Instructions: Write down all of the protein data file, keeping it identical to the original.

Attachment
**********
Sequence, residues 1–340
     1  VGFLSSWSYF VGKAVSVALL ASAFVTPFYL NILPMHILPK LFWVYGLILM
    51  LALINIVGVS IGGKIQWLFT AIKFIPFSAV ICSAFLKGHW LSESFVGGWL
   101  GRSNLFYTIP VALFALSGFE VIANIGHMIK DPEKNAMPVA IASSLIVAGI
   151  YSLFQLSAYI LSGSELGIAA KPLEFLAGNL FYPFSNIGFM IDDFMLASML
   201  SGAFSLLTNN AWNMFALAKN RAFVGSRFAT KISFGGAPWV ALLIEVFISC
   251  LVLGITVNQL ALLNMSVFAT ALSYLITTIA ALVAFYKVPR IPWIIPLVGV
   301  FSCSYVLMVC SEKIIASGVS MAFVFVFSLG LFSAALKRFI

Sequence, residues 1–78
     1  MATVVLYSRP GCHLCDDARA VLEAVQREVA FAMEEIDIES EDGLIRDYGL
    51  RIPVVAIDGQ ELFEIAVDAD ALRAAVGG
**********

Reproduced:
Sequence, residues 1–340
     1  VGFLSSWSYF VGKAVSVALL ASAFVTPFYL NILPMHILPK LFWVYGLILM
    51  LALINIVGVS IGGKIQWLFT AIKFIPFSAV ICSAFLKGHW LSESFVGGWL
   101  GRSNLFYTIP VALFALSGFE VIANIGHMIK DPEKNAMPVA IASSLIVAGI
   151  YSLFQLSAYI LSGSELGIAA KPLEFLAGNL FYPFSNIGFM IDDFMLASML
   201  SGAFSLLTNN AWNMFALAKN RAFVGSRFAT KISFGGAPWV ALLIEVFISC
   251  LVLGITVNQL ALLNMSVFAT ALSYLITTIA ALVAFYKVPR IPWIIPLVGV
   301  FSCSYVLMVC SEKIIASGVS MAFVFVFSLG LFSAALKRFI

Sequence, residues 1–78
     1  MATVVLYSRP GCHLCDDARA VLEAVQREVA FAMEEIDIES EDGLIRDYGL
    51  RIPVVAIDGQ ELFEIAVDAD ALRAAVGG